An entire run of endangered winter-run chinook salmon, as well as the fall-run salmon that make up the core of the California fishery, are in danger of being wiped out this year if the U.S. Bureau of Reclamation keeps diverting water to farmers at its current rate.
With state water resources constrained by the extreme drought, that’s the alarm that environmental, fishing and tribal groups are sounding after reports show the Sacramento River will reach dangerous temperatures during spawning season, based on federal scientific scenarios that analyze the bureau’s planned water releases. They warn of a massive die-off as bad as during the last drought, when 95% of winter-run chinook salmon eggsand young fish were wiped out in 2014 and 2015.
“I see in this a very clear need for urgent action to stave off disaster in pushing a species that is already trending toward extinction even closer,” said Rachel Zwillinger, water policy adviser for the nonprofit Defenders of Wildlife. “We haven’t seen the type of urgency that the situation demands from the agencies.”
The bureau is legally obligated to maintain temperatures below 56 degrees in the upper part of the Sacramento River, yet one scenario from the National Marine Fisheries Service, a division of the National Oceanic and Atmospheric Administration, projects it going over that for several months during the critical spawning and incubation period for both winter- and fall-run chinook. The scenario shows that high temperatures would wipe out 80% of the endangered winter-run salmon eggs, and ecologists say few survivors would make it to adulthood.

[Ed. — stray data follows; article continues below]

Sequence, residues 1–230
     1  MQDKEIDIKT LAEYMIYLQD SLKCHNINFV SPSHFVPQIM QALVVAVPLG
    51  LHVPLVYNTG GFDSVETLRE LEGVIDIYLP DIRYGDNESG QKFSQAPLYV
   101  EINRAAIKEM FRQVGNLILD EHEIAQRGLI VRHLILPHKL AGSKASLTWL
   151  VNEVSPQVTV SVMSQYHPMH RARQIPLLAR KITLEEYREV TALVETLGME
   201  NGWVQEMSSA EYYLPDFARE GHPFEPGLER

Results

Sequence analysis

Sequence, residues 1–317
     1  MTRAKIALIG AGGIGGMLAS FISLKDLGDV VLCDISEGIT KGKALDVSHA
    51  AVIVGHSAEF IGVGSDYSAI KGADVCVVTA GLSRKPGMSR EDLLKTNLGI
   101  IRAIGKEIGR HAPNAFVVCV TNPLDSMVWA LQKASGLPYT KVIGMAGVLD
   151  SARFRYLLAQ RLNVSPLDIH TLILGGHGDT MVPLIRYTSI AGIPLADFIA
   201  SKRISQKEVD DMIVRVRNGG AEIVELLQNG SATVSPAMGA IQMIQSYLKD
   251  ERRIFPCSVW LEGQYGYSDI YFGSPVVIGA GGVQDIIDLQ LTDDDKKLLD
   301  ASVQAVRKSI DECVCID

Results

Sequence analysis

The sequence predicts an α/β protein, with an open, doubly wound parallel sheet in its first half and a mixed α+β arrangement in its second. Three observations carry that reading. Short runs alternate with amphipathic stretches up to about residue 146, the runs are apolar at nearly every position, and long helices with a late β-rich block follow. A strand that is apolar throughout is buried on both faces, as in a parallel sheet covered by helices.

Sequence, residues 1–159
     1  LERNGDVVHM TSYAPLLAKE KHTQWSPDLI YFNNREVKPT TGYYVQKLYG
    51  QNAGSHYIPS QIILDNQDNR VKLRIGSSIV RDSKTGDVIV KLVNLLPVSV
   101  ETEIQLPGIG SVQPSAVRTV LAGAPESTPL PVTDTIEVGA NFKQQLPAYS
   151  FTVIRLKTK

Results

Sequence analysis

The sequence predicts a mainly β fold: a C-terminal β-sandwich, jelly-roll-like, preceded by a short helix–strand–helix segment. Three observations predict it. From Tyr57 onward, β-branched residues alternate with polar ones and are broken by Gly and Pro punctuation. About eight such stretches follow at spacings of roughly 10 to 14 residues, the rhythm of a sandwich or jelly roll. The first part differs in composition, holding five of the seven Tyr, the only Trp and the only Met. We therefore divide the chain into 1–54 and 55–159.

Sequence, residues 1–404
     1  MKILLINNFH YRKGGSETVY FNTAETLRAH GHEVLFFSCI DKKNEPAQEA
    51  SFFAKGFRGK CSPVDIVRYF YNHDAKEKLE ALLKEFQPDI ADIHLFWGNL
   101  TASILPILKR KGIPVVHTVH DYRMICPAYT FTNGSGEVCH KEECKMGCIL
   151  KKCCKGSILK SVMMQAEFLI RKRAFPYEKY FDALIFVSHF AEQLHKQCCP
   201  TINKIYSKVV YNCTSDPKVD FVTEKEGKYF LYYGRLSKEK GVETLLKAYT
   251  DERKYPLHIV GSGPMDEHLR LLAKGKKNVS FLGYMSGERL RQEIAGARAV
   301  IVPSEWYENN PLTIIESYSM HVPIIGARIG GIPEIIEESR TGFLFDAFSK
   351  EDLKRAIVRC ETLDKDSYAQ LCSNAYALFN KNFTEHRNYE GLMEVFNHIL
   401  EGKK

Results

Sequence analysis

The State Water Resources Control Board is awaiting a final plan from the bureau, due this month, detailing how it intends to maintain that temperature. The board will have 10 days to approve or reject the plan. Meanwhile, the bureau continues releasing water.
Board chair Joaquin Esquivel said in a statement, “As we all recall in the last drought, with such dry hydrology comes a precarious balancing act of human health, and ecological and economic impacts. Collaborating with state and federal project operators and fish and wildlife agencies, and in cooperation with stakeholders, the state water board is working to quickly understand deteriorating hydrologic conditions and develop ways to comprehensively assess and respond to the unprecedented conditions California is facing.”
After Gov. Gavin Newsom expanded his drought emergency to 41 of the state’s 58 counties Monday, it is unlikely that the state’s competing interests — farms, fish and cities — will get all the water they need this year. As climate change brings more severe droughts, water managers will have an increasingly difficult time balancing demands. But critics say the state has long prioritized agriculture, which typically receives 40% of the state’s water while accounting for only 3% of its gross domestic product.
“The state has the authority to strike compromise and balance how water is used,” John McManus, president of the Golden Gate Salmon Association, which represents Bay Area fishermen, said. “In the last drought, the state failed to exercise that authority adequately to protect salmon stocks.”